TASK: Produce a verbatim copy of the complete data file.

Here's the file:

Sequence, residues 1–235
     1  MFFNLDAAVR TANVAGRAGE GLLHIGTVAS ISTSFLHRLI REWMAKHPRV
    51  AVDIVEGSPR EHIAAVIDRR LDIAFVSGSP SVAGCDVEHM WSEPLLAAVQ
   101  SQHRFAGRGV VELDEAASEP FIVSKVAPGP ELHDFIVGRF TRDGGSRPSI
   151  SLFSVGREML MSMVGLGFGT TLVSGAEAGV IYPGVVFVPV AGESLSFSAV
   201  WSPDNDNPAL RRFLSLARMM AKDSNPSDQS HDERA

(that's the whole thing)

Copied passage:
Sequence, residues 1–235
     1  MFFNLDAAVR TANVAGRAGE GLLHIGTVAS ISTSFLHRLI REWMAKHPRV
    51  AVDIVEGSPR EHIAAVIDRR LDIAFVSGSP SVAGCDVEHM WSEPLLAAVQ
   101  SQHRFAGRGV VELDEAASEP FIVSKVAPGP ELHDFIVGRF TRDGGSRPSI
   151  SLFSVGREML MSMVGLGFGT TLVSGAEAGV IYPGVVFVPV AGESLSFSAV
   201  WSPDNDNPAL RRFLSLARMM AKDSNPSDQS HDERA